If I were to tell you that there is a man raised to the sublime degree of Master Mason in 2007 who has in just a short period of time started a Masonic organization with a newsletter which has exploded with membership overnight beyond his wildest dreams, who is writing a novel, producing a graphic novel, working on a book for a college, writing several Masonic research articles for Masonic Journals, is an officer in his Craft Lodge, a member of a Research Society, producer of an upcoming Templar comic presentation, a Committee Chairman for The Masonic Society and an editor for The Global Fraternal Network (GFN) would you not want to know more about him? Who he is?
Faster than a speeding bullet, more powerful than a locomotive, able to leap tall buildings in a single bound, it’s a bird, it’s a plane, —no it’s Brother David Naughton-Shires.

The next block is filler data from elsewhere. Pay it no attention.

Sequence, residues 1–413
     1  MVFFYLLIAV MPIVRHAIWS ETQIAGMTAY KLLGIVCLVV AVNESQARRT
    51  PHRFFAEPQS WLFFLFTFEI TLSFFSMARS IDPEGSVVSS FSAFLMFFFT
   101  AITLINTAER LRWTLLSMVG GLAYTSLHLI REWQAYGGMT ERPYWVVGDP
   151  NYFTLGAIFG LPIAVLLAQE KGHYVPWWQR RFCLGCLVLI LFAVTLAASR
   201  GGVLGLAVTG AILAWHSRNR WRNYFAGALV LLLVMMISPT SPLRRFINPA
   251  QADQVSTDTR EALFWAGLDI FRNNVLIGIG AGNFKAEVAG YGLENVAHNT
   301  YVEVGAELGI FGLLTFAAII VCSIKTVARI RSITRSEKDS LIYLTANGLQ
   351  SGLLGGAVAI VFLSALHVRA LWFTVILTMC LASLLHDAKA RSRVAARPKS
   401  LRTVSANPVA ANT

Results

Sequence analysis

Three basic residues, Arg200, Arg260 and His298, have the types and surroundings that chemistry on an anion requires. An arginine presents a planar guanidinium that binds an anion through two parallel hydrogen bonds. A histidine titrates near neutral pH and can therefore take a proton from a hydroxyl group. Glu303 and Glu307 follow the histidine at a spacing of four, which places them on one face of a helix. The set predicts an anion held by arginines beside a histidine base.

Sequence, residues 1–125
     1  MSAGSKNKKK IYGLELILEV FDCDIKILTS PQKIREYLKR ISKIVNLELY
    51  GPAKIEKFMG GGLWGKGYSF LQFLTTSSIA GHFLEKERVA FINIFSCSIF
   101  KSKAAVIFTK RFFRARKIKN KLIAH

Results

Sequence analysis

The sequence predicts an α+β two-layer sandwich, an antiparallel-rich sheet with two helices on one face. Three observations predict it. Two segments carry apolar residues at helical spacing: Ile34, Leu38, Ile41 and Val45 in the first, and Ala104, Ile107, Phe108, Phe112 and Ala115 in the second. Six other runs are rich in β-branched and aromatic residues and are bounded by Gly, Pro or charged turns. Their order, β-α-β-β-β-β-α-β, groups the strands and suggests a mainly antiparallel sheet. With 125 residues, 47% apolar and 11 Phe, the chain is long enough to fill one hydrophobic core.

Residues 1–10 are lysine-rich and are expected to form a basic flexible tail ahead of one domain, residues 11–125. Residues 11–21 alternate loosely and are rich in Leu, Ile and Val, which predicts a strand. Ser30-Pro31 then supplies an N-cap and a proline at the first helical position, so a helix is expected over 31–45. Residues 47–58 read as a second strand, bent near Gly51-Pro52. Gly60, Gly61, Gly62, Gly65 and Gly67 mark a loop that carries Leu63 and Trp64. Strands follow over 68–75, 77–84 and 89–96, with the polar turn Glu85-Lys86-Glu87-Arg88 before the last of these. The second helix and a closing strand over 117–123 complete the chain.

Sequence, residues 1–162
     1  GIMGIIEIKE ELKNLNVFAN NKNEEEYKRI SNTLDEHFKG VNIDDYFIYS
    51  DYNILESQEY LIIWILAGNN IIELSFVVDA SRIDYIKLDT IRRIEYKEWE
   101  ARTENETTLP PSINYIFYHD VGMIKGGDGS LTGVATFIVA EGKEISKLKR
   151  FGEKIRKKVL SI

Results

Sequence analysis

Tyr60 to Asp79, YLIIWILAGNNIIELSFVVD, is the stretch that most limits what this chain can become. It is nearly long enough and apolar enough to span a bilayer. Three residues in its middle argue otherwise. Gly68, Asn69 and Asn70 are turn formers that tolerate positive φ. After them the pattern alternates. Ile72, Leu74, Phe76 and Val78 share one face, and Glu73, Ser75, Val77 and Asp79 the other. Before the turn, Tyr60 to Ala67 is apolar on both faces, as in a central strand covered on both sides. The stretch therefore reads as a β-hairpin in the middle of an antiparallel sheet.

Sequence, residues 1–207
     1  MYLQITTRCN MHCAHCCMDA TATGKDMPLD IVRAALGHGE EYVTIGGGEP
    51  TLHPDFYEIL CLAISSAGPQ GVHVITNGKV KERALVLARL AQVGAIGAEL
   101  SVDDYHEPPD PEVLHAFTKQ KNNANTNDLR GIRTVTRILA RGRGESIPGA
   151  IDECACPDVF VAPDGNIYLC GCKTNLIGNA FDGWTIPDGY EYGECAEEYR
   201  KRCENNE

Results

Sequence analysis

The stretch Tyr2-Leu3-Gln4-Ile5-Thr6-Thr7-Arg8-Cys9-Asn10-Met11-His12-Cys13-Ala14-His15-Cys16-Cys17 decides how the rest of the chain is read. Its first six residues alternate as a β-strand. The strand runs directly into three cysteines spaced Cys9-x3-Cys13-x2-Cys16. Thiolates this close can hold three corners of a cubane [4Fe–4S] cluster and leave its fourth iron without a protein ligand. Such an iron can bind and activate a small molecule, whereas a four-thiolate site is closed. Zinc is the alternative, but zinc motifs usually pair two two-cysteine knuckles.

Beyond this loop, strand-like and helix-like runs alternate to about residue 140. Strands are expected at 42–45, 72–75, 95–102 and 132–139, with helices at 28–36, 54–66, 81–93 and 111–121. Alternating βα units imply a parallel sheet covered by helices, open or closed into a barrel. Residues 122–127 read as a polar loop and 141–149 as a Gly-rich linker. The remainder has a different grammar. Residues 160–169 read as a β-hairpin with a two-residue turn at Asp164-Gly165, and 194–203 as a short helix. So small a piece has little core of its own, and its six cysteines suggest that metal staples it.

Until the last few years, 38 year old Naughton-Shires lived a rather quiet, modest life with his wife and three children in Sixmilebridge, Ireland just 9 km out of Shannon where he helped his wife run a small dance studio and scraped together a rather meager living in graphic design and illustration.
THEN HE JOINED FREEMASONRY…………….AND BANG AS IF SHOT FROM A CANNON, the life of David Naughton-Shires has not been the same since.
He was raised to the third degree in October of 2007 in Ormonde Lodge 201 in the Province of North Munster in the Irish Constitution where today he holds the office of Inner Guard. He hopes to go onto the Royal Arch in just a few months. But as you can see it will be October of 2009 before he has completed two years in the Craft which makes his Masonic accomplishments quite remarkable – as if shot from a cannon.